"Have A Ball With Major Chords
Sign up to gain access to our FREE PIANO LESSONS and more!
(We do not give out your email address)
Major chords, I suggest, should be the first of the four basic chords you learn. Once you have a little bit of a handle on them, the minor, diminished, and augmented chords will be a cinch. So, let's take a look at the major triad...
Here's what it looks like on the piano keyboard:
(Notice the gray key which represents middle C. You can play the chords in any range, but I chose these two positions for now since most playing is done in the middle of the piano, generally speaking)
I'm illustrating the C Major chord in two octaves here, since you will be playing the chord in two hands.
Notice how the lowest key (furthest to the left) is C.
Okay, if we are to look at the distance between that C and the next key, E, we would notice that they are four half steps away from each other. In other words, if you hold down C, and then count four keys up from that, without missing any, you'd climb to C#, then D, then D#, and finally you would land on E.
Now, from that E, what's the distance to the next key, G? Three half steps, right!
So, we can simplify this by saying from C to E is four half steps, from E to G is three half steps.
Note: even if you have arrived at this page with a curiosity of how to play basic chords on the piano and don't know what "#" means, or what a half step is, don't worry at all. Just know that you are moving up (or to the right) four keys to arrive at E and three keys to arrive at G. Just make sure you don't skip any keys while counting.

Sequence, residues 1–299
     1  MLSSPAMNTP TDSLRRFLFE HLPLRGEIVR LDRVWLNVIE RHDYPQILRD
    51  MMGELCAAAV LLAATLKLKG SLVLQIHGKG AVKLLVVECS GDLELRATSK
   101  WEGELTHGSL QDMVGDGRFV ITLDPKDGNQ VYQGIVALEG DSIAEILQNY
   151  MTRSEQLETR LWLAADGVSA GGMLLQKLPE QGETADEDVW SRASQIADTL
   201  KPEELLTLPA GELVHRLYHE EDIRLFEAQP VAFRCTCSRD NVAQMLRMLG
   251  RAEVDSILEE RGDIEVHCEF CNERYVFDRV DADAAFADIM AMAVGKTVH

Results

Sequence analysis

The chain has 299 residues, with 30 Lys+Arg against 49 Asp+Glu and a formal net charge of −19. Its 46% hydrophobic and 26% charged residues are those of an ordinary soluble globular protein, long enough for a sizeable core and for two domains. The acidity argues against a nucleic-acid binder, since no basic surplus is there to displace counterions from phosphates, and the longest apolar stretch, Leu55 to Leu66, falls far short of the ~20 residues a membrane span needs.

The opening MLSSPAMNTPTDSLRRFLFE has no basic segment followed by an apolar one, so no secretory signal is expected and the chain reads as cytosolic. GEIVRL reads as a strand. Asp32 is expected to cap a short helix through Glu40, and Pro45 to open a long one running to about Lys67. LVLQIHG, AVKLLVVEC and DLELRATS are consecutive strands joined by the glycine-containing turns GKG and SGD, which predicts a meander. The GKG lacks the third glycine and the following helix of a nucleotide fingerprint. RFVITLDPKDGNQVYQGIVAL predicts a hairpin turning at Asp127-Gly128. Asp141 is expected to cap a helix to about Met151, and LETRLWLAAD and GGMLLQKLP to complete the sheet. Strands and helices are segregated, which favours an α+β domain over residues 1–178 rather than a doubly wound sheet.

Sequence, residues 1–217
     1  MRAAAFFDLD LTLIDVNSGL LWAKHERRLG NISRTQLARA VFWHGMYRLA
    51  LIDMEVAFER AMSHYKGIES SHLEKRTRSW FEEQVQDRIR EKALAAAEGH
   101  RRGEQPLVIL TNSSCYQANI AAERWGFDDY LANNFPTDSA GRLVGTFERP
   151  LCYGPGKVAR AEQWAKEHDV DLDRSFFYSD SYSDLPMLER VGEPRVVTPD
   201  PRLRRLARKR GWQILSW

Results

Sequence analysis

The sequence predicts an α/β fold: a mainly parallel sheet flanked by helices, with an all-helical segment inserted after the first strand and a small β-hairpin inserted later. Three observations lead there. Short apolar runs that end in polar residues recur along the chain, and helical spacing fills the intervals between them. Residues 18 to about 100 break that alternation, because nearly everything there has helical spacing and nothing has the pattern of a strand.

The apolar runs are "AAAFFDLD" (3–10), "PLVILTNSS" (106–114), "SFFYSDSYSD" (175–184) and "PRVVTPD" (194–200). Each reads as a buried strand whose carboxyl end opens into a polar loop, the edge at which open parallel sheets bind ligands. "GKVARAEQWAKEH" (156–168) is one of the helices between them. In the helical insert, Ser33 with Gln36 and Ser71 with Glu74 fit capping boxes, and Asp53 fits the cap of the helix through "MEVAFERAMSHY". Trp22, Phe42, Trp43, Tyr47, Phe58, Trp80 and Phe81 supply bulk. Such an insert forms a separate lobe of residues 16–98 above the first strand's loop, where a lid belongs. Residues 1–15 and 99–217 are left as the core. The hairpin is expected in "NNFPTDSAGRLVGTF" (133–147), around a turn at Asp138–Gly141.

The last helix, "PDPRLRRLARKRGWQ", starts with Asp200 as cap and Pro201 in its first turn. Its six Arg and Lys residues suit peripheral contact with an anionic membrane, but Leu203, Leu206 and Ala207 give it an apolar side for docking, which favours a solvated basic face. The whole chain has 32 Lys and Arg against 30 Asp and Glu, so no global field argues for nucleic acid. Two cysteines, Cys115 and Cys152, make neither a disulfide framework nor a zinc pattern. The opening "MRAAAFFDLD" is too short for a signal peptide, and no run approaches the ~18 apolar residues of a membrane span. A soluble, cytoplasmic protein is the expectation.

Let's look at this very simple formula:
1) Choose the name of the major chord you wish to play and play that key (C Major ... play C)
2) Move up four half steps to the next note in the chord (from C to E is four half steps)
3) From that point, move up three half steps to the next note in the chord (from E to G is three half steps)
4) Play all three keys at the same time and you have your major chord!
So, how do we play this chord on the piano? What fingers do we use? Good question, easy answer:
We will play the chord with the left hand as well as the right hand...
Look at each hand - specifically, your thumbs, middle fingers, and pinkies. Those are the ones we will use in each hand. We have three notes in the chord to play, and we have three fingers to play the chord. Maintain a nice rounded form with your hand, and make sure it's relaxed, not tight at all.
Okay, place the fingers of each hand on the correct keys for the C Major triad...
In the right hand, you have C played with the thumb, E played with the middle finger, and G played with the pinkie. The left hand uses the same fingers, but in reversed order, of course: C is played with the pinkie, E is played with the middle finger, and G is played with the thumb.
(unless, of course, you want to play it with your hand upside down! Haha, no, just kidding)
Now, we could focus on playing the chord with one hand at a time until you get used to it, but I actually see no problem with trying to use both, since you will make quicker progress. Awkwardness is totally normal here at this point, so don't worry about it. Just stay aware of how your hand feels when you're playing these chords.